Politics

Get Wired 2/7: Private Coaching, Tribal Rights, Manufacturing Slows, and More

1. Private coaching thriving

Private coaching for students in India has become a norm, according to a report by National Sample Survey Office. The NSSO says that three out of every four students avails private tuitions, besides going to regular school. The survey noted that Tripura, West Bengal, Bihar, Odisha and Manipur are the five states with the highest number of male students taking private coaching (combining primary, secondary and higher secondary education).

2. Javedkar can’t trump Tribal ministry

Environment Minister Prakash Javedkar has failed at his attempt to ease rules for projects under the Forest Rights Act (FRA). Tribal Affairs Minister Jual Oram, who earlier contested Javadekar’s move, maintaining that the subject falls in domain, has received support from the Law ministry. Now, the Environment ministry is preparing to approach Law ministry for the second time with fresh arguments on why tribal consent can be dispensed with. Earlier this year, the green ministry came up with a draft notification seeking to substantively dilute procedures for projects in forested areas.

3. Lalit Modi offered Sushma’s husband job

The admission by External Affairs Minister Sushma Swaraj’s husband Swaraj Kaushal that former IPL chief had offered him a job as an alternate director in one of his family-run companies has the opposition crying foul. Kausal, however, maintained that he rejected the offer. The Congress says the offer itself is evidence of the “close proximity” between the tainted former IPL chief and the External Affairs minister and her family.

4. UK says Maggie is safe

The ban on Nestle’s Maggie noodles in India will  not affect consumers in the United Kingdom. After conducting tests, the British food safety have said that Maggie noodles produced in India is safe for consumption in the UK.  Earlier, Singapore too denied the product had any harmful ingredients. The controversy began when the FSSAI found excessive amount of lead in the product manufactured by Nestle India. The led to the immediate ban on sale of Maggie noodles in the country.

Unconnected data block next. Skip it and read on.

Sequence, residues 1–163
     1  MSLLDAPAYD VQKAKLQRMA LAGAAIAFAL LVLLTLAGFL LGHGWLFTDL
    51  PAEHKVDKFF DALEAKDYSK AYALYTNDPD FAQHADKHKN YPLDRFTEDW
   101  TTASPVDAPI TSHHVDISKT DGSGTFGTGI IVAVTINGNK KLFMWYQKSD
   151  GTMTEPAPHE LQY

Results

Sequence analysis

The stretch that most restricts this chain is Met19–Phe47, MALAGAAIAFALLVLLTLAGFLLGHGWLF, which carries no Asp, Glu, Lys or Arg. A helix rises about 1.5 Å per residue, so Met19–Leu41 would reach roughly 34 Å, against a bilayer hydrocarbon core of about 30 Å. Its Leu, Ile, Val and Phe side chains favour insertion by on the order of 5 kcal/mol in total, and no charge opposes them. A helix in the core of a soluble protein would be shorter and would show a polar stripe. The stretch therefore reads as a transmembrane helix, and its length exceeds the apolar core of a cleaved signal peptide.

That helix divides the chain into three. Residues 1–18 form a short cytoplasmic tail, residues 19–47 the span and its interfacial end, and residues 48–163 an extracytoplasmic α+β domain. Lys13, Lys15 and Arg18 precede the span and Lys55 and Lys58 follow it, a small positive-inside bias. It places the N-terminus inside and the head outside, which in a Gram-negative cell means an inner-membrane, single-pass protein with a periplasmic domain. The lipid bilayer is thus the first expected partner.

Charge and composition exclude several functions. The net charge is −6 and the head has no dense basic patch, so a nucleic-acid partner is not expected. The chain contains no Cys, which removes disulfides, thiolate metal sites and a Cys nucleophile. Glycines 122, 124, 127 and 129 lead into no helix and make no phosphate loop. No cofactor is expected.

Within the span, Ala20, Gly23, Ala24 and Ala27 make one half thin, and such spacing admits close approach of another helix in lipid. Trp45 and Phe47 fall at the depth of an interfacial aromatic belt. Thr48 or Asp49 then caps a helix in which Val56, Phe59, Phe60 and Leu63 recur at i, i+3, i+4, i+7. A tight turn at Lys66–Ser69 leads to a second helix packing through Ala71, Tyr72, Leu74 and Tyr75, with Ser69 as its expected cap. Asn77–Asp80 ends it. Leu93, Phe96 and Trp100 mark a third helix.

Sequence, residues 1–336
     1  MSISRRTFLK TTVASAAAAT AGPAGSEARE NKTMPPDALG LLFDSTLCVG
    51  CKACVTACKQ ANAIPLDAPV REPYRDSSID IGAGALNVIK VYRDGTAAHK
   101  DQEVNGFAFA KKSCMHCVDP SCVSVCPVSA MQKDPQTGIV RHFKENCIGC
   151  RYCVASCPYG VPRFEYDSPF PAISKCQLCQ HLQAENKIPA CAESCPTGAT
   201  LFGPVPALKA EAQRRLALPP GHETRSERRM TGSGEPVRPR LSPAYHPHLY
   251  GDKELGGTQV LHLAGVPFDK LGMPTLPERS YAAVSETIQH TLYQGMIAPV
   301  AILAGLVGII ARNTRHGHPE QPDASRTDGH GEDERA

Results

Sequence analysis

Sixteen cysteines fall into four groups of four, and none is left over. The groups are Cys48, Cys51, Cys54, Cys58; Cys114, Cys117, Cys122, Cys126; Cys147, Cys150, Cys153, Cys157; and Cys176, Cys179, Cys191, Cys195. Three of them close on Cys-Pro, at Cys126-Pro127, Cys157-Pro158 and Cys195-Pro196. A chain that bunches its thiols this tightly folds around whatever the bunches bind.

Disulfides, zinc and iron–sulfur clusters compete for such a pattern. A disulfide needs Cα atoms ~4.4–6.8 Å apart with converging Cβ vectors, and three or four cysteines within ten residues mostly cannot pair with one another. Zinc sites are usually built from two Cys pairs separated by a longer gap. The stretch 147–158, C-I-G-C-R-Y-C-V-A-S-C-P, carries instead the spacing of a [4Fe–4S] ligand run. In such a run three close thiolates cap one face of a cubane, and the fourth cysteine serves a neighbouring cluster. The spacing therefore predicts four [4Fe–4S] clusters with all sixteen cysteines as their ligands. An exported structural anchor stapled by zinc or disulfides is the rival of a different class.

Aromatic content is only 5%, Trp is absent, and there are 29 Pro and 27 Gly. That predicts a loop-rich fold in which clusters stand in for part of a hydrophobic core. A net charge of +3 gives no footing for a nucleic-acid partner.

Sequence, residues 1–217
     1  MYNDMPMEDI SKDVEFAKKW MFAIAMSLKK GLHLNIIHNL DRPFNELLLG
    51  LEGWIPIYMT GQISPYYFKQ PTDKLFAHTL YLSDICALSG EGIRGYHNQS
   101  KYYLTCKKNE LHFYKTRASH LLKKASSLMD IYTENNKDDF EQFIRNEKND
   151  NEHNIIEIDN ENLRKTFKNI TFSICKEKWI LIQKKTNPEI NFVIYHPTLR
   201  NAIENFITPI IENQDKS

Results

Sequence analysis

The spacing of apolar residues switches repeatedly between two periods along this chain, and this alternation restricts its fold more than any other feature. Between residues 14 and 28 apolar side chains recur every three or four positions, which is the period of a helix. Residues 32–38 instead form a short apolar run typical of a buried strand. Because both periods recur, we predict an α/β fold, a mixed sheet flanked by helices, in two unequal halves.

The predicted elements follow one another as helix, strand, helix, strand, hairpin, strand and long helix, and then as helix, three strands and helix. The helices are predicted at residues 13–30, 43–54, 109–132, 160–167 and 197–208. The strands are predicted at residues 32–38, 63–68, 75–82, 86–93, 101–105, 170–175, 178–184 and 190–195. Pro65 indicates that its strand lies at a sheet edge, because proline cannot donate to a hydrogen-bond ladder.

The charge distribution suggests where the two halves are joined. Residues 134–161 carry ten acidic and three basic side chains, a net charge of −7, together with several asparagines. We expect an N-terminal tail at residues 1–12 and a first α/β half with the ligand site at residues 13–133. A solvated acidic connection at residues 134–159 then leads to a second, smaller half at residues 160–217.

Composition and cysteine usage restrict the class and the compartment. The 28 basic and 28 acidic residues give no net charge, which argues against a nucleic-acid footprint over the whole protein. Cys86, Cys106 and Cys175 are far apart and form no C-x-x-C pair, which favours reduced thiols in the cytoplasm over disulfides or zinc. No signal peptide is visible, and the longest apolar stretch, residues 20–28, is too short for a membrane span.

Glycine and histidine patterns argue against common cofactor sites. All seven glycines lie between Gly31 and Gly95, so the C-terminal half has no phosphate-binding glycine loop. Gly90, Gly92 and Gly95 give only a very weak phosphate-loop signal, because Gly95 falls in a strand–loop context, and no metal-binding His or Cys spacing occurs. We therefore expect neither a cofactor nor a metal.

5. Air India offloads passengers for ministers

220px-Air_IndiaA family was offloaded from an Air India flight to Leh to Delhi to accommodate ministers. An IFS officer, his wife and their child were made to deboard the flight by Air India on June 24 to make space for minister of state for home Kiren Rijiju, his assistant and deputy chief minister of Jammu and Kashmir Nirmal Kaur Singh. Rijiju, however, said that he wasn’t aware of the fact that three persons were offloaded.

6. SC asks hospital to pay 1.80 cr 

The Supreme Court has directed a state-owned hospital in Chennai to pay Rs. 1.80 crore to the parents of a child who lost her vision within a year of birth in 1996. The child was born 10 weeks prematurely and the hospital did not warn the parents that babies born prematurely were prone to retinopathy of prematurity (RoP), a preventive disorder which could lead to blindness if not addressed.

7. Manufacturing growth slows

Growth in manufacturing industry slowed down in June due to low business orders, according to the Purchase Managers’ Index. The PMI stood at 51.3 points in June compared to 52.6 points in May. The report indicated no improvement in employment in manufacturing sector in June.

 

8. Cuba becomes first country to eradicate mother-to-child HIV transmission

In one of biggest achievements in medical history, Cuba became first country to eliminated HIV and Syphills transmission from mother to baby, as confirmed by the World Health Organisation. “This shows that ending of AIDS epidemic is possible…,” said Michel Sidibe, executive director of UNAIDS. Every year, 1.4 million women with HIV become pregnant. There remains a 15-45% chance of transmission, if left untreated.

Categories: Politics